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The last afternoon I spent at New York Theater Ballet was for a rehearsal in February. Now I was back again, and it was surreal — not just because the space, a quaint studio-theater with airy ceilings and stained glass windows, has the quality of being in another century. It was more to do with the occasion, something that wouldn’t have seemed the least bit groundbreaking back then: an actual performance. Inside.

On Wednesday, the company hosted LIFT Lab Live, the first of two programs running through Nov. 14. The audience was limited to 10. (For context, the dancers added up to six, including the guest artist Miki Orihara.) This intimate chamber group, led by the artistic director and founder, Diana Byer, presented nine short works in a program that seemed to be more about nourishing the dancers and choreographers than offering inventive dance. Programs are tighter now out of necessity, but shouldn’t a series of short dances add up to something?

Live performance has become exceedingly rare, and you take what you can get. Watching dancers express themselves with their bodies is an act of faith on our part, too; it’s an exchange of energy. At the start of the program, Ms. Byer read a quote from Stella Adler: “Life beats down and crushes the soul and art reminds you that you have one.”

With the windows and doors flung open in the company’s second-floor space at St. Marks’s Church-in-the-Bowery, the sound of birds occasionally accompanied the musicians, Alice Hargrove on piano and Amy Kang on cello. The new rules of performance not only let the outside in but also enhanced the program, which began with Jean Volpe’s “Speranza” for Mónica Lima, whose filigree footwork filled the stage with a loveliness that matched her gentle look. Head to toe in pink — including her mask — she could have stepped out of a jewelry box.

But Ms. Lima, a highlight of the program, was a different dancer altogether in “A Study With Mónica,” a work by Melissa Toogood. A former member of the Merce Cunningham Dance Company, Ms. Toogood may be new to choreography, but she can clearly see the dancer standing in front of her. This time Ms. Lima, dancing to Busra Kayıkci’s shimmering piano piece “Dogum/Birth,” was not a ballerina in a box, but a modern woman.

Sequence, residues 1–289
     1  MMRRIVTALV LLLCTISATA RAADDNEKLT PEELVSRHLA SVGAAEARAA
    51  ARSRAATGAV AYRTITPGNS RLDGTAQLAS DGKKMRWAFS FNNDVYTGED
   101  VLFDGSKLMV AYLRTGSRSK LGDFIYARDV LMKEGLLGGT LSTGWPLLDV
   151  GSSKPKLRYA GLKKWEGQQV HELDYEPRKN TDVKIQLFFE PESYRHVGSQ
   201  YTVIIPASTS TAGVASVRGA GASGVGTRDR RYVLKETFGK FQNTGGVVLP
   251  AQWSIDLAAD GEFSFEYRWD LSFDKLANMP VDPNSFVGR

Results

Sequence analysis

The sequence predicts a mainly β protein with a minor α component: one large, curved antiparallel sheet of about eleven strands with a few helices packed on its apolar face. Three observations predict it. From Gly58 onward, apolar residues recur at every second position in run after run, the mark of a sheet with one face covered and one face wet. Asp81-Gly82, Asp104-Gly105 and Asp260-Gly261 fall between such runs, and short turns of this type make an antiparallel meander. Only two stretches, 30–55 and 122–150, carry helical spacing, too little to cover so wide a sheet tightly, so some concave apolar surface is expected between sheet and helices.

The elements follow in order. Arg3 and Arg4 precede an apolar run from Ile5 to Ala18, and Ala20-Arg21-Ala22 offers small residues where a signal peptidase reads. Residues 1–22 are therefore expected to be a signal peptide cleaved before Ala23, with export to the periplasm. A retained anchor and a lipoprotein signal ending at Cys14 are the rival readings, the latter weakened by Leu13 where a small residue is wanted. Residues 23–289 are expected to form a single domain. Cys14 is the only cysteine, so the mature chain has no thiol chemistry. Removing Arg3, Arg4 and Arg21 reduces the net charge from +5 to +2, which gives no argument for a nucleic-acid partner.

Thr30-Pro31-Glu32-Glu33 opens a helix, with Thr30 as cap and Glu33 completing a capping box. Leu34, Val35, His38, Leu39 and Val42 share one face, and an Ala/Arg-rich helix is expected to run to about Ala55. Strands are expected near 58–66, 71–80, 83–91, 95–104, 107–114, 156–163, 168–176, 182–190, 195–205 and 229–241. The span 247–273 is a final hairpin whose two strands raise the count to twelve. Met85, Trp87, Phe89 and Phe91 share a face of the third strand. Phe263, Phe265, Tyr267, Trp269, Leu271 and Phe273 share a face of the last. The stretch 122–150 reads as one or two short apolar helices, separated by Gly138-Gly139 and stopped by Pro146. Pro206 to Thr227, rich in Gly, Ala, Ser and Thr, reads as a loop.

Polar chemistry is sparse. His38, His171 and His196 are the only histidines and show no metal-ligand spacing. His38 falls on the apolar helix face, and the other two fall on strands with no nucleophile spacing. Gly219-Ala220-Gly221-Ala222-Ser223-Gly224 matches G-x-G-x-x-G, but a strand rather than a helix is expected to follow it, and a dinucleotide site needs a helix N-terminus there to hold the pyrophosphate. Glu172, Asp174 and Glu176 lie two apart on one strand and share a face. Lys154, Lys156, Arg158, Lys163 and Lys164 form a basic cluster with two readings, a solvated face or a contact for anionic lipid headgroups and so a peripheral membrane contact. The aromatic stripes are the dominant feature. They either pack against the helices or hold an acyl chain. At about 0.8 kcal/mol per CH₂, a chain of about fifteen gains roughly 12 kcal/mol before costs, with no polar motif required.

Starting on her shins, she pressed her palms onto the floor, leaning back so they slid with her, brushing the tops of her foot and legs before moving onto her chest, neck and head as she rose. Throughout the piece, what stood out was her approach to performing, as her clear shapes mingled with balanced turns and jumps, Ms. Lima wasn’t presentational, and that was a relief.

Other selections washed over the stage in a more traditional way: The athletic duet “A Tango,” by Margo Sappington; the dreamy solo “Impromptu No. 1,” by Duncan Lyle for Amanda Treiber, decked out in black tulle and rhinestones; and the angsty male solos in “Distance” by Richard Alston. The choreography in “Distance” — it will be part of a longer ballet, planned for next spring — often felt like it was going around in circles. Reach and retreat; lower and rise.

Giulia Faria, a powerhouse of a dancer, tore through “The Sphinx,” an excerpt from José Limón’s “The Winged,” and Alexis Branagan did her breathless best to stay on top of “Tickling Titans (Part IV)” by Steven Melendez. Its hasty changes of directions and momentum could be distracting, yet when Mr. Melendez slowed things down, details afforded a closer look, like a tendu sequence in which Ms. Branagan, standing tall, brushed her stretched foot around her body like a clock.

Ms. Treiber returned for “Fall of the Leaf,” a solo by Gemma Bond to music by Imogen Holst that included, sigh, a bench. Ms. Treiber arched and stretched over it, employing a kind of fraught longing that didn’t add up to much; when she did dash away, she let the music overcome her, using her frayed fingers and elongated arms to mimic the plucking of the strings on Ms. Kang’s cello. The solo seemed as if it were meant to be raw, but it could have used more nerve.

The program included one outlier: Martha Clarke’s “Nocturne,” in which Ms. Orihara made her entrance by creeping out of a door at the back of the studio. Topless with her head tied in a wrap and her lower half in a white Romantic tulle skirt, she kept her breasts covered using her arms and the fabric — transforming herself from a hunched creature into a dying swan. Finally, she unraveled the ribbon wrapped around her neck and rose from the floor holding it in front of her like a liquid cane. Taking small, staggering steps, she made her way back to where she came.

Was it good weird? Not really. But you take what you get, and sometimes you just have to take the weird any way it comes.

LIFT Lab Live

Through Nov. 14 at St. Marks’s Church-in-the-Bowery, 131 East 10th Street (entrance on 11th Street), nytb.org.

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